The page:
Contrary To What Some People Think -- And What May Have Once Been True -- A Nanny Is Not Just For Rich Families. In Fact, Having A Nanny, Either Live-In Or Live Out, Is Becoming A More Popular Form Of Child Care. Whether You Are A Two Income Family W
Contrary to what some people think -- and what may have once been true -- a nanny is not just for rich families. In fact, having a nanny, either live-in or live out, is becoming a more popular form of child care. Whether you are a two income family with involved careers or a busy at-home mom with too much to accomplish and not enough time, a nanny may be the answer to your childcare dilemma.
Tiffani Goings, a Phoenix based professional nanny, loves her job. Before becoming a full time nanny four years ago, she babysat for over seven years. The families she works with can attest to her commitment and passion for children. She states that the great majority of her families are average, everyday people who want quality care for their children. And while Goings says that you can’t get to know someone completely until you work with them, it is important to carefully approach the hiring process.
4 Questions to ask yourself when hiring a nanny
You know that you want a nanny, but how AND WHERE do you begin? Candi Wingate, President of Nannies4hire.com and a mom of a two young boys, offers guidance on how to approach the hiring process.
Follow her step-by-step suggestions and you’ll be ready to find the perfect match for your family.
1. Don’t rush! Do not wait until the last minute to begin your search. Allow yourself enough time to seek candidates, interview, and make a decision.
2. Live-in or live-out? Decide what type of arrangement will work best for your family. If you decide on a live-in nanny, you will provide her with a private room, and private or shared bathroom, and board.
3. How much help do you need? Review your needs and determine what type of help you want -- full time, part time, summer help, etc. You should know exactly what you require so that you can find a nanny who is looking for the type of position you will offer.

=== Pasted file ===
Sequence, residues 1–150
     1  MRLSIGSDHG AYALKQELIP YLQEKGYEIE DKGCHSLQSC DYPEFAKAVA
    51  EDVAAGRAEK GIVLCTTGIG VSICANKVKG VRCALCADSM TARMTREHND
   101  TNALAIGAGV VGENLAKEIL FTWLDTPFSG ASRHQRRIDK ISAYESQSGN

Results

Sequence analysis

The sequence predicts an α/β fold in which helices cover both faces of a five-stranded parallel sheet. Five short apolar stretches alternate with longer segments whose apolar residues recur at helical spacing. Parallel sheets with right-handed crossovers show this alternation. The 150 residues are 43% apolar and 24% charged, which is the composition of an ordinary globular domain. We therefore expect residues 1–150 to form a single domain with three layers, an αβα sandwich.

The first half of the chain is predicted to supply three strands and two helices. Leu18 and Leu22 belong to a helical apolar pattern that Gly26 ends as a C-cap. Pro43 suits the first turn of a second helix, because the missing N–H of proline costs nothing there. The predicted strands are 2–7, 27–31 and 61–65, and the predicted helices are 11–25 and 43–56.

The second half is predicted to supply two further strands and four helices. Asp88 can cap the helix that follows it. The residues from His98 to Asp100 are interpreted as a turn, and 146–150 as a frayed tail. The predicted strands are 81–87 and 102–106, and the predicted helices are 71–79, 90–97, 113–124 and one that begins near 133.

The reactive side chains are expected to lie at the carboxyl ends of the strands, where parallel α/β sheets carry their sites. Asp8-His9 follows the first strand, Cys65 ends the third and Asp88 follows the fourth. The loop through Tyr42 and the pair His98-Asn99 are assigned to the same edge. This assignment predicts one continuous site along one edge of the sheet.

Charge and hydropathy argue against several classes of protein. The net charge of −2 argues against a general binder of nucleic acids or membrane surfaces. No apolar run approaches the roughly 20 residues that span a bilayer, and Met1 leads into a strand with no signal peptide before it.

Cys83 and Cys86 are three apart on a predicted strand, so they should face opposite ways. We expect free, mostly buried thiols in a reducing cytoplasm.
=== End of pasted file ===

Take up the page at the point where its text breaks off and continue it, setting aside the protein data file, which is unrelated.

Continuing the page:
4. Additional responsibilities? Nannies are often responsible for more than simply supervising your children. Do you want your nanny to have other responsibilities? In addition to general child care, your nanny may perform light housekeeping, grocery shopping, meal preparation, running errands, carpooling and laundry -- basically anything pertaining to your children. You may also discuss other arrangements with your nanny, depending on your needs.
Once you have thought through your family’s requirements and concluded what type of situation will work for you, it’s time to begin your search.
Where to Look
There are several places to find potential candidates -- matching services such as Nannies4hire.com, a nanny placement service, word of mouth or even Craig’s List. Ask your friends if they have any recommendations and help spread the word you are looking through your facebook page or twitter account. Research your options and find one that you both feel comfortable with and that fits your budget. You can spend as little as no money by using a free site and as much as several thousand dollars by using a placement agency, with several options in between.